Fantastic post. Hopefully this will encourage a few more foreigners who want to drive to go out and get their licence, it really isn’t difficult. I have met a few idiots who are driving here without a licence and therefore completely uninsured. Their justification seems to be that they can get away with it!

    #32689
    Vincent NL
    Vincent NL
    Participant

    I’d like to do this in the summer and have two additional questions.

    1.  Can you do the test with any kind of visa as long as you have more than 90 days left on it? (I’ve got a student visa)

    2. How long is your license valid? Probably much longer than your visa, so I’m guessing a license won’t be a legal ID for foreigners.

    Thanks for summing this up Brian!

    #32690
    Brian
    Brian
    Participant

    Kim- that’s about 120km west of Wenchuan, in a valley called Liangtaiguo. It’s close to Bipengguo, but the road is not on the map.

    Vince- I don’t think visa type matters. It is valid for 6 years and is not supposed to be ID.

    Everyone else- 1 thing I forgot to post: 028-8785-0000 will ring the info desk

    #32696

    Kim Duistermaat
    Participant

    Thanks Brian.
    for Vincent: your visa needs to be valid for more than 3 months, your residence permit needs to be valid for more than 6 months, as I understood it. If you have a shorter residence permit I think you can apply for a temporary drivers license.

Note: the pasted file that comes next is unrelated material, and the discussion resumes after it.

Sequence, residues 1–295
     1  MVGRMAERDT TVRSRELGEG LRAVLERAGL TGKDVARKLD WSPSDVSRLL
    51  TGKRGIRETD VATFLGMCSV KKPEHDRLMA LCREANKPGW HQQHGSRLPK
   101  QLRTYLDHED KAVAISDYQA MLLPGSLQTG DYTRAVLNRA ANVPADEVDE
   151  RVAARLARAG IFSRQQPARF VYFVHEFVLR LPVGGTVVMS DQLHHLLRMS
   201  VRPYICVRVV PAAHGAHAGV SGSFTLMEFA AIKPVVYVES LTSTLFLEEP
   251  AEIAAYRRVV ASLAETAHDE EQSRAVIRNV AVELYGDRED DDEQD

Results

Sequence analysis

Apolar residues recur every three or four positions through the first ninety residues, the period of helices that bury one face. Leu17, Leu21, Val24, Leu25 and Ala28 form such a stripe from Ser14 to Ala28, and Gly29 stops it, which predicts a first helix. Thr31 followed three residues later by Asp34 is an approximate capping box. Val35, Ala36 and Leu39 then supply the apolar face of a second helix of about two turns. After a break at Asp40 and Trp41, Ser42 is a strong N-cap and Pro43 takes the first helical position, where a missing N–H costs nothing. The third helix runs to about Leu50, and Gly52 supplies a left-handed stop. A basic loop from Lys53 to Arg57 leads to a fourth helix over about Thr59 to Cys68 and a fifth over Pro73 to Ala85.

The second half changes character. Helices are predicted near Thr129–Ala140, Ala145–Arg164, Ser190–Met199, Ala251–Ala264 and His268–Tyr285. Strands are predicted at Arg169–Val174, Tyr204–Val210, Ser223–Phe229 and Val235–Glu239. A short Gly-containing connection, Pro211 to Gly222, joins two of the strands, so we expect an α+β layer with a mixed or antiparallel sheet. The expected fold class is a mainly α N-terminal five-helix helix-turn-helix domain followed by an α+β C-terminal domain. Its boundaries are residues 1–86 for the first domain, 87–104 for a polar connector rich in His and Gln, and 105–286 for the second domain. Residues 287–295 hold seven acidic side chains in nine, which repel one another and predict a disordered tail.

#32706
    Brian
    Brian
    Participant

    Actually, my residence permit had about 92 days left when I finally got it all together.

    #32722
    j.slemmer
    j.slemmer
    Participant

    I just got my car drivers license 2 weeks ago.

    It’s pretty much all the same as Brian explained in the first post.
    All the required documents are still the same as far I noticed.

    Maybe I got lucky, but my visa & residence permit only had about 7 weeks left on it, but there was no problem there at all.

    But you can not apply for a car & motorcycle license at the same time.
    They said I could apply for that after 1 year. So now I only got the car category. And as I do not have it on my original drivers license, I would need to take lessons and then do a practical exam 🙁

    We will find out about that in a year or so.

    I used this app on my iphone.

    https://itunes.apple.com/us/app/driving-in-china/id486138822?mt=8

    Most of the questions in the app, used the same or very similar wording in the exam. I would say there is an 80% match between the questions in the app and the actual exam.
    One more tip:

    Make sure you arrive on time. Exams in the morning run from like 9:00 till 11:15. An exam takes maximum 45 mins, so I guess after 10:30 you are not allowed to do the test in the morning anymore.

    I arrived around that time and was told to wait till 13:30, after all the bureaucrats had taken their mandatory nap, to take the afternoon test.

    With nothing to do around there and only one small noodle shop, it is a long long boring wait. But gave me time to practise the questions on my phone.

     

    #47020
    j.slemmer
    j.slemmer
    Participant

    And don’t forget to take a picture of the very motivating cars out front of the test center!

    #47021
    missfanfan
    missfanfan
    Participant

    Yes.But your visa must be come from Chengdu.

    #47046
    j.slemmer
    j.slemmer
    Participant

    Yes.But your visa must be come from Chengdu.

    I guess that makes sense, never really thought about that.

    #47058

    Gary Daniels
    Participant